jan hus memorial, astronomical clock, tyn church, karlova street, st nicholas church, old town square, charles bridge (more on IG @mara__ahmed)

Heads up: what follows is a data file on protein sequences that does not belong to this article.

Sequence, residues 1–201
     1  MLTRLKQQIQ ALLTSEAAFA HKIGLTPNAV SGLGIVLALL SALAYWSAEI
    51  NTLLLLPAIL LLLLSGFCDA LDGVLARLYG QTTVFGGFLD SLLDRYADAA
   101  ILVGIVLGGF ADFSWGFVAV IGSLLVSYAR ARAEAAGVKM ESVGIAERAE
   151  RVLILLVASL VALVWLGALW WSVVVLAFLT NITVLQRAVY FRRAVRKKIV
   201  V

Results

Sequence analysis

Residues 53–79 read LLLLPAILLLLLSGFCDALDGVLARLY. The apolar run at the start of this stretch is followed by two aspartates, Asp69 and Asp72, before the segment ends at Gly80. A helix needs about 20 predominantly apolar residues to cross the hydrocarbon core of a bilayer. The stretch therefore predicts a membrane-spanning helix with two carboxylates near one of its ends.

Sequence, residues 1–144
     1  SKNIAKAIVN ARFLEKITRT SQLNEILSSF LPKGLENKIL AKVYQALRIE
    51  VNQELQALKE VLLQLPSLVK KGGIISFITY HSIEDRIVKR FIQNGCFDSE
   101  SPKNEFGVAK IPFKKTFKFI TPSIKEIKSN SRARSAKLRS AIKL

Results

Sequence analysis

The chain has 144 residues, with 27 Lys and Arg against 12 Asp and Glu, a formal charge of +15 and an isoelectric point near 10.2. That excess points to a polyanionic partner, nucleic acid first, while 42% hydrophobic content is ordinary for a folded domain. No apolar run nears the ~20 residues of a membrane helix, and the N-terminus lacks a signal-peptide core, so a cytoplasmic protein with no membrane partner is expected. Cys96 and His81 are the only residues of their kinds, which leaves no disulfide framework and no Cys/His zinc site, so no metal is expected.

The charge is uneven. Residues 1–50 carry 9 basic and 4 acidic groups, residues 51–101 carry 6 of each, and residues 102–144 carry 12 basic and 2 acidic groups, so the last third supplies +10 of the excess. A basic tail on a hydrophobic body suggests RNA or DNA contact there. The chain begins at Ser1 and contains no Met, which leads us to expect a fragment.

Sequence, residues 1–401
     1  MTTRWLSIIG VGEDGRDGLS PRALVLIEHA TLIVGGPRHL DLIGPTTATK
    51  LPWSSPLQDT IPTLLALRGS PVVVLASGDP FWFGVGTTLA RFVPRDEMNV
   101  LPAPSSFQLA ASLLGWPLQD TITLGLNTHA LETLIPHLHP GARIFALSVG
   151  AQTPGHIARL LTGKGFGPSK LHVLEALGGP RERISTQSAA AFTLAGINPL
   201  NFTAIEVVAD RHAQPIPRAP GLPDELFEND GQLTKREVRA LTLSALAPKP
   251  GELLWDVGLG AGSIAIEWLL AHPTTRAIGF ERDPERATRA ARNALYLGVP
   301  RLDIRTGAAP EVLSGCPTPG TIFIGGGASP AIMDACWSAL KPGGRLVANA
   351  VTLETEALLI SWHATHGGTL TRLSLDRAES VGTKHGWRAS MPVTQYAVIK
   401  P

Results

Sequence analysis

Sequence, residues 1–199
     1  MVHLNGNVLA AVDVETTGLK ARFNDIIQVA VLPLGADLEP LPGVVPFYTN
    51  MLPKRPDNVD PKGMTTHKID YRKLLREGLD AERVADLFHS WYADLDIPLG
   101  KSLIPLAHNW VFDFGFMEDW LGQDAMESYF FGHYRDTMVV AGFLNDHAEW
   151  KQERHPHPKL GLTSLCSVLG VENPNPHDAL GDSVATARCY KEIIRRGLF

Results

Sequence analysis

so i enjoyed the berlin tour yesterday but was pretty dead after 3 hours. it began to rain and i took refuge in the nearest restaurant – mama trattoria near the brandenburg gate. bad idea. the food was lame (how do u mess up salmon and pasta?) and the only thing going was the lemonade – with orange, ginger and lavender flavors. i got home and fell asleep. jet lag kicked in. when i woke up it was late. was feeling lazy but forced myself to layer-up (it’s incredibly cold here, way more than on long island and i didn’t pack for it) and went in search of food. found ‘hung anh vietnamese & japanese’ further down chausseestraße and wow, it was worth it. vietnamese food is perhaps the most flavorful food in the universe. the mango salad with fresh mint, cucumbers and peanuts was sweet and crunchy but also surprisingly spicy. the crispy wontons had ground chicken and shrimp in them and came with a wonderful sauce. the fried bananas rolled in honey ended the night with a flourish. oh, and the lemonade with lychees, raspberries and lingonberries was out of this world! this morning i headed back to my favorite turkish place (la femme more than breakfast) and had an omelet cooked well (the way i like it) with sliced tomatoes and cheese inside. it came with some simit, as usual (a circular bread encrusted with sesame seeds). also tried their pistachio chocolate ‘bomb’ (a bit dry). after that, a 4-hour train ride from berlin to praha and then another couple of hours struggling in the rain to get to this apt. the key was stowed away in a lockbox, inside a bank, in a separate location, which neither my uber driver nor other helpful folx could figure out. anyway, late dinner at kolkovna olympia. ordered a czech specialty (roast duck with bread and potato dumplings and red and white sauerkraut). the duck was good but what i needed was some comfort food at that point in my life, so i got some yummy crème brûlée for dessert and felt at home 🙂